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Howard L. Kaufman, MD, discusses remaining questions regarding T-VEC, the impact of the FDA approval, and its future potential.
Howard L. Kaufman, MD
Talimogene laherparepvec (T-VEC; Imlygic) was approved by the FDA in October 2015, for the local treatment of unresectable cutaneous, subcutaneous, and nodal lesions in patients with recurrent melanoma after initial surgery, based on results from the phase III OPTiM study.1
In the study, which compared T-VEC to GM-CSF, patients who received T-VEC experienced a durable response rate (DRR) of 16.3% compared with 2.1% for GM-CSF. The objective response rate (ORR) was 26.4% versus 5.7%, and the complete response rate (CRR) was 11% compared with 1% for T-VEC and GM-CSF, respectively.
Since then, the first-in-class oncolytic immunotherapy has continued to show promise, both as a single agent and in combination trials.
In the phase Ib portion of a phase Ib/II multicenter trial of T-VEC and ipilimumab (Yervoy) with previously untreated, unresected stage IIIB/IV melanoma, the ORR was 56% (33% CRR), and the DRR was 44% in 18 evaluable patients who received the combination.2
Median time to response was 5.3 months (range, 2.6-5.7) and median progression-free survival (PFS) was 10.6 months (2.6-19.3+). Median overall survival (OS) was not reached; 12-month and 18-month survival rates were 72.2% and 67%, respectively.
Grade 3/4 adverse events (AEs) occurred in 32% of patients and grade 3/4 immune-related AEs occurred in 2 patients. There were no treatment-related deaths.
Despite these advancements, there is still much to be understood about T-VEC, says Howard L. Kaufman, MD, chief surgical officer and associate director for Clinical Science at Rutgers Cancer Institute of New Jersey.
In an interview with OncLive, Kaufman discusses remaining questions regarding T-VEC, the impact of the FDA approval, and its future potential.Kaufman: I think the real importance of T-VEC’s FDA approval is that it brings an entirely new class of drugs to patients with this cancer. Since T-VEC is a first-in-class agent, I think we really need to understand exactly how it is working. It will open up the field to other viruses, as well as other manipulations of the virus to improve responses.
It is going to be an excellent agent for combination studies. I think that T-VEC can really help to bring more lymphocytes to the tumor microenvironment, and that is half the battle. Making sure lymphocytes are activated and understanding which T cells are mediating tumor regression—whether it’s with T-VEC or with other agents—is going to be a very important area for future research.The pivotal phase III trial with T-VEC randomized 436 patients with advanced melanoma. Two-thirds of the patients received T-VEC and one-third received a control, which, in this case, was recombinant GM-CSF.
This was selected as our control, because GM-CSF is actually part of T-VEC and, at the time that this trial was initiated in 2008, there was some evidence that GM-CSF might have some activity in both stage III and stage IV melanoma. The study was designed to look at DRR, which meant that patients needed to achieve an objective response and then that response had to be maintained for 6 months or longer.The study met its primary endpoint, demonstrating an improved durable response. We also saw an improvement in ORR, PFS, and a trend toward improved OS. This was not reached in the trial, but it wasn’t necessarily powered for an OS endpoint. The results did show that there is a clinical benefit to patients.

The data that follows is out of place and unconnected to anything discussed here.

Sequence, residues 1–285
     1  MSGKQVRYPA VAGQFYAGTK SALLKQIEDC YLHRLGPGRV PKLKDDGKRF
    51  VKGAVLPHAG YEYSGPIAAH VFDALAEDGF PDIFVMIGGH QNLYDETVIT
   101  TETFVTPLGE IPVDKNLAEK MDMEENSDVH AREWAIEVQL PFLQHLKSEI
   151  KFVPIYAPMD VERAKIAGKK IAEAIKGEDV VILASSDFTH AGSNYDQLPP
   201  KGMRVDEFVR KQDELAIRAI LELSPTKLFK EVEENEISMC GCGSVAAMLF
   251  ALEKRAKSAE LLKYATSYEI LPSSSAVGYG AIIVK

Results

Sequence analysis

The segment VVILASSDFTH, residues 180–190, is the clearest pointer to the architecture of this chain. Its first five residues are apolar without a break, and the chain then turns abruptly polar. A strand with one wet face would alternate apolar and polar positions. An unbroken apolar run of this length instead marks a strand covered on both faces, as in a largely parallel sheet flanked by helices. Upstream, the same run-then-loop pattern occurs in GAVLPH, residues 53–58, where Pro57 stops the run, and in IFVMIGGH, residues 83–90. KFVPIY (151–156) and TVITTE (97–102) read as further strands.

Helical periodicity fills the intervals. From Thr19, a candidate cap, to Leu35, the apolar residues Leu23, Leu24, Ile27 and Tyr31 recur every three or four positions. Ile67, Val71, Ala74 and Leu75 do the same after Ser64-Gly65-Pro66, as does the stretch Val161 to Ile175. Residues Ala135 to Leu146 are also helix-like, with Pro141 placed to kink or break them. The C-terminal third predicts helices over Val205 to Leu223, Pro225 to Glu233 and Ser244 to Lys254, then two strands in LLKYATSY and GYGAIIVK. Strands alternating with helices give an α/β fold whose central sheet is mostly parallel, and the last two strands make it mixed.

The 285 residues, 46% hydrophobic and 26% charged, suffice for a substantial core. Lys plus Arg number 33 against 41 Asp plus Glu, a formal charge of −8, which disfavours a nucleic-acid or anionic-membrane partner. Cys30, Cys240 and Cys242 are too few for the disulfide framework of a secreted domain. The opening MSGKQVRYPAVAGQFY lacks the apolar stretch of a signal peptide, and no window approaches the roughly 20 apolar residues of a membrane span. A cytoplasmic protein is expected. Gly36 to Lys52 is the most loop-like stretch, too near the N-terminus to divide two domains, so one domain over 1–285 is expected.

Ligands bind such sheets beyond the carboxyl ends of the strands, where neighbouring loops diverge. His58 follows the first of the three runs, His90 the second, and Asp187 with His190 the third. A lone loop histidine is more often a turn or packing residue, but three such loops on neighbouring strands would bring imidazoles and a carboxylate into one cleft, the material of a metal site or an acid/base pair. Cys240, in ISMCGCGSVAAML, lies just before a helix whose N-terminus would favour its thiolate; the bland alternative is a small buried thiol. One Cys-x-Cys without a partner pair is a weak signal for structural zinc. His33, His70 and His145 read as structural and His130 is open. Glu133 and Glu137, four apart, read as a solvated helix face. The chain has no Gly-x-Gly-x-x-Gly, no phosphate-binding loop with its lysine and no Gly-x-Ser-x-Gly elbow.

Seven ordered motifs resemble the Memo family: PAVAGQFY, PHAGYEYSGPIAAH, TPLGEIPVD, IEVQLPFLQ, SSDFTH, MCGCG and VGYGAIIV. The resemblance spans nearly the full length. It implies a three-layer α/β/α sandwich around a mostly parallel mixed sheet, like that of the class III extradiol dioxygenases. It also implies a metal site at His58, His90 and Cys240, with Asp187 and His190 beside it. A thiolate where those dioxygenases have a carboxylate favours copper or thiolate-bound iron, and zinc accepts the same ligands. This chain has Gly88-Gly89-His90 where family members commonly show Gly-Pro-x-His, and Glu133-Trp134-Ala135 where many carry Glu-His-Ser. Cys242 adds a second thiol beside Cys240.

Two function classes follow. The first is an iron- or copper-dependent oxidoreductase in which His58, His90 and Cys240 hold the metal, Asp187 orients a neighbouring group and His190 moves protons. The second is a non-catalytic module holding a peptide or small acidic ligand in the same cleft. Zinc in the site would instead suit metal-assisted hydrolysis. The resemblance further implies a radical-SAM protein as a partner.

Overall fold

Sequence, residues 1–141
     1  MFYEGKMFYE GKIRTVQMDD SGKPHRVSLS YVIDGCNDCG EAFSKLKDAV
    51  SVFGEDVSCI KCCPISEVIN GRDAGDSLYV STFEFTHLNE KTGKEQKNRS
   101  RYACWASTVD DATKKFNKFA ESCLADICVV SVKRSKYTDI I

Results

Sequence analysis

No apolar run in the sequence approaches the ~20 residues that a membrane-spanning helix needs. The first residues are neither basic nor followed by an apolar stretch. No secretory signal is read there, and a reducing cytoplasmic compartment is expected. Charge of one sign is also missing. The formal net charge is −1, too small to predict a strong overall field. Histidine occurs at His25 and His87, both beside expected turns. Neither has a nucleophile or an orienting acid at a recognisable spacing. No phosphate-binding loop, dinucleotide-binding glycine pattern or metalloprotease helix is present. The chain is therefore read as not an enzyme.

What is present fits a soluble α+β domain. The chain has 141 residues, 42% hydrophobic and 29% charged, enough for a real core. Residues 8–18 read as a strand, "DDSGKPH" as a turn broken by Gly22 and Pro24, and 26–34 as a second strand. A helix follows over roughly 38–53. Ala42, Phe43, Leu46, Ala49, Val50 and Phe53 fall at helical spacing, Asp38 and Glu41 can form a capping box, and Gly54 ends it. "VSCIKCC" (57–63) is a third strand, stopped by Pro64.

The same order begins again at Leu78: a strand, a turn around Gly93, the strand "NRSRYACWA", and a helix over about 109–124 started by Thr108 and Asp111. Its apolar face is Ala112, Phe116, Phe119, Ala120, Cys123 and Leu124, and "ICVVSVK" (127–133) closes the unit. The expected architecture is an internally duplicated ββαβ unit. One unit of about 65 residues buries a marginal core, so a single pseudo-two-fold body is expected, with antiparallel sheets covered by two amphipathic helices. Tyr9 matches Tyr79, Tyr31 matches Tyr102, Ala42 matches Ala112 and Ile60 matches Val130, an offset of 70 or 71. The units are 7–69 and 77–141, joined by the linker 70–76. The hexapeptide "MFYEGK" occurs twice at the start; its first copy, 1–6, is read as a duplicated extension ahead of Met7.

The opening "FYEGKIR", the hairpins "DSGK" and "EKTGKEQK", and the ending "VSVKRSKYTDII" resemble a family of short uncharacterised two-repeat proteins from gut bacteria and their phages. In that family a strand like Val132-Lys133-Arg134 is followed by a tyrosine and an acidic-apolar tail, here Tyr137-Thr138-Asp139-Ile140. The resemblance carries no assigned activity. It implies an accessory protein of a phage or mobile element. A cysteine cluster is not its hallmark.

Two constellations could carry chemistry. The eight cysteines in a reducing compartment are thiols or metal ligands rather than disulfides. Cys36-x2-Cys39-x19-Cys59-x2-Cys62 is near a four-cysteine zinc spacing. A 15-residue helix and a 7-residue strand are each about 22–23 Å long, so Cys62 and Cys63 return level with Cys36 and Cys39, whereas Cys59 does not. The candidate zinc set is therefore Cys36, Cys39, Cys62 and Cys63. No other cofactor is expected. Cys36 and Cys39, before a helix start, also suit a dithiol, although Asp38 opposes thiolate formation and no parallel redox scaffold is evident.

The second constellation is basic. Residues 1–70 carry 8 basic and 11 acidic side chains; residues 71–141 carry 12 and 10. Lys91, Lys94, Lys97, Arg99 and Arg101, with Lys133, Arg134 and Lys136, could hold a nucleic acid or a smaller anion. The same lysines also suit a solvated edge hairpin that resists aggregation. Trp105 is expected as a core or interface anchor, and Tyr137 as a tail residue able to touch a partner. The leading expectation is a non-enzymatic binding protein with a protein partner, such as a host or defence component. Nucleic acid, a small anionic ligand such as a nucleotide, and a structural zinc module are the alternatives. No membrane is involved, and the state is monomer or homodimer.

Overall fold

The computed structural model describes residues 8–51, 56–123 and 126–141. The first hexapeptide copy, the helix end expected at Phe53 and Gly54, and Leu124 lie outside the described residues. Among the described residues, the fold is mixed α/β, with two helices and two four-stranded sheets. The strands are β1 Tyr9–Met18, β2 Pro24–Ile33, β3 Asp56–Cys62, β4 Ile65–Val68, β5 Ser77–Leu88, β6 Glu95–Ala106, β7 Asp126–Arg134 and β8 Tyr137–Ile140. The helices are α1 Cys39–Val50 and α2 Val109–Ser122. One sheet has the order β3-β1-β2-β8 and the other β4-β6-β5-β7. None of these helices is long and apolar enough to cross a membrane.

The current approval really focused on skin and lymph node melanomas that one can actually access for treatment, but I think the future will encompass combinations. If we really understand the mechanism of this, we may find ways to improve the therapeutic potential of this agent.The most logical thing would be to start with other types of immunotherapy agents to try to enhance the immune response rates. In the early phase II studies, we did biopsy some of the T-VEC injected lesions. We saw evidence that there were melanoma-specific CD8 T cells, and we saw a decrease in regulatory T cells and myeloid-derived suppressor cells.
This suggests that there was a local immune response. To try and expand that, it might make sense to use agents with T-VEC that have a primary target of the T cell. The early studies that are combining T-VEC with ipilimumab look very promising.
Data from a phase Ib study was recently reported showing an over 40% response rate with the combination. This is much higher than either agent alone. A more complete randomized phase II study looking at the combination is nearly at completion.I think we are always concerned about toxicity when we add 2 drugs together. Interestingly, with immunotherapy, we haven’t always thought that to be the case. In the early phase Ib study of ipilimumab plus T-VEC, we haven’t seen any unexpected toxicities outside of what we would expect with either agent alone.
What was interesting is that, in an ipilimumab and GM-CSF trial, it was actually suggested there might even be a little less gastrointestinal toxicity with that combination. We have to conduct these trials to really understand what the side effects will be, but I don’t think we are necessarily going to see added toxicities.We have not identified a biomarker yet, but now that the drug has been approved there will be more focus on this area. We have to conduct clinical trials to really understand the full potential for clinical benefit with this agent as well as to identify biomarkers.
We do have a number of ancillary clinical trials in progress right now looking at viral shedding and the induction of the immune response with T-VEC. This will be really important. Unfortunately, these questions weren’t really included in the phase III study, so there is a lot of information that we still have to determine regarding this agent.